US regulators denied a request by China Mobile to operate in the US market and provide international telecommunications services, saying links to the Chinese government pose a national security risk.
The Federal Communications Commission said that because of China Mobile USA's ownership and control by the Chinese government, allowing it into the US market “would raise substantial and serious national security and law enforcement risks.”
Beijing slammed the US for the “unreasonable suppression” of China Mobile after US regulators denied the telecom giant's request to operate in the US market, citing national security concerns.
“We urge the US to... stop the wrong practice of always using national security (as a pretext), and stop the unreasonable suppression of Chinese enterprises,” Chinese foreign ministry spokesman Geng Shuang said.
The decision brings the Chinese telecoms giant's eight-year effort to crack the US market to an end, but was not really a surprise since FCC Chairman Ajit Pai had publicly opposed the company's application last month.
China Mobile - the world's largest mobile operator with nearly 930 million customers as of February - first filed an application for permission to operate in the United States in 2011.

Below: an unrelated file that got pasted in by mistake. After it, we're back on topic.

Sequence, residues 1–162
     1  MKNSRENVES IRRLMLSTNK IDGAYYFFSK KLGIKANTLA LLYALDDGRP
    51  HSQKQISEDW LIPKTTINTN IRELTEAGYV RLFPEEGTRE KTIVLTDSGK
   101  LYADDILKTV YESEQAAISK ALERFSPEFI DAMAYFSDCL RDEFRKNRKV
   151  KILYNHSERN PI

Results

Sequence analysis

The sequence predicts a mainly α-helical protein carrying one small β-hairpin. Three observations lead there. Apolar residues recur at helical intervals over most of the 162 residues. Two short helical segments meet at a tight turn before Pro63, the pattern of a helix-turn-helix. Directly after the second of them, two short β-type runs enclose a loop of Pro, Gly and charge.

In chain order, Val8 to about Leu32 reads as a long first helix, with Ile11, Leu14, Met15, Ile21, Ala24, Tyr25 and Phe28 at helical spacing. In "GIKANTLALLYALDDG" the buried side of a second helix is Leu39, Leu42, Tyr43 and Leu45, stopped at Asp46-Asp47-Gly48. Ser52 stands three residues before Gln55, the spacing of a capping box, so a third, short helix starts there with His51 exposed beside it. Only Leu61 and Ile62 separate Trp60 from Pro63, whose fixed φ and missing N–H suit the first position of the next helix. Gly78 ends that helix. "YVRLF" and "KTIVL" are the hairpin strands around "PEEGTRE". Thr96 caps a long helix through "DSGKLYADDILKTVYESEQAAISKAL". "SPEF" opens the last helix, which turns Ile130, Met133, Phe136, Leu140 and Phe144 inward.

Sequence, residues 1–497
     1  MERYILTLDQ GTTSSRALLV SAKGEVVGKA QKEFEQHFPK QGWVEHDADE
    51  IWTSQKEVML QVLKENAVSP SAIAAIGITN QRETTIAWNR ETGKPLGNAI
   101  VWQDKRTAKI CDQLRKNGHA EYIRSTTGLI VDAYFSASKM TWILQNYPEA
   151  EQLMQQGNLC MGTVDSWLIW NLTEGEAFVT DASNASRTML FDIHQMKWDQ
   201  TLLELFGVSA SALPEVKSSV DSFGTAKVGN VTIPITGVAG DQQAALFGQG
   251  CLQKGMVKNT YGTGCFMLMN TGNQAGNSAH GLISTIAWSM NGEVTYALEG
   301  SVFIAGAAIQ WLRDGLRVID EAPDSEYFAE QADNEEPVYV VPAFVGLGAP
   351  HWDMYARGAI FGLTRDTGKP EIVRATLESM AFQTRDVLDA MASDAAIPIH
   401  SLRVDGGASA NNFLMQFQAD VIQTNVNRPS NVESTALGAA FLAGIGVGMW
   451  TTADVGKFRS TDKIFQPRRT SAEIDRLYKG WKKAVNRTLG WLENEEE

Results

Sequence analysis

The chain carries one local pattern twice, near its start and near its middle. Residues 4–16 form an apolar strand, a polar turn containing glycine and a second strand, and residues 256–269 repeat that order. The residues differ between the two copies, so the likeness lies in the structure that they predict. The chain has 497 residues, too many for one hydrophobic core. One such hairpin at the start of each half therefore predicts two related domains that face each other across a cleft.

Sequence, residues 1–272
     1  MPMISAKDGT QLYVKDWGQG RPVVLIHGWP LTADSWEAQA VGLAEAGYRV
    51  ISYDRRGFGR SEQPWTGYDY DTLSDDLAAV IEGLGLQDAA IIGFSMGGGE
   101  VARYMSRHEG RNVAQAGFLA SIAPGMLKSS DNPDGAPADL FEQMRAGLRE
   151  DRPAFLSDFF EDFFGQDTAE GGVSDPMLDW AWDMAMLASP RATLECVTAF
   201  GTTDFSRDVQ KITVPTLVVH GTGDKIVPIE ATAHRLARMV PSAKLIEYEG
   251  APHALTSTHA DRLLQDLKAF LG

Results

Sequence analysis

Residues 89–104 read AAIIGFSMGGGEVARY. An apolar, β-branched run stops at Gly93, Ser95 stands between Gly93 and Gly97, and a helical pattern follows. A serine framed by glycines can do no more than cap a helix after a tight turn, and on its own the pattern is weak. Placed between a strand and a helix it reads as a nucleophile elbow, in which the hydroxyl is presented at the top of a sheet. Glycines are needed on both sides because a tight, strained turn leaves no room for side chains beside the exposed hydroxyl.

The five-member FCC said in a statement that the decision was made after “extensive review” and “close consultation” with national security and law enforcement agencies. It also marks the first instance in which executive branch agencies have recommended that the FCC deny an application due to national security and law enforcement concerns, the statement said.
The move comes as Chinese tech firms - such as Huawei and ZTE - have faced stiff resistance from US government agencies, which have described them as security threats.
Defense of intellectual property in China and getting fair access to that country's markets have long been points of concern for US tech companies. They are also considered hard-to-fix problems when it comes to trade between the US and China. Meanwhile, technology has become increasingly vital to national security and economies.
Denial of the China Mobile request came as US President Donald Trump held out hopes of salvaging a trade deal with China, just hours before Beijing's negotiators were due to return to the bargaining table amid a sudden flare-up in hostilities.
Since last year, the two sides have exchanged tariffs on more than $360 billion in two-way trade, gutting US agricultural exports to China and weighing on both countries' manufacturing sectors.
The International Monetary Fund also repeated its warning that the trade battle between the world's top economies was a “threat” to global growth.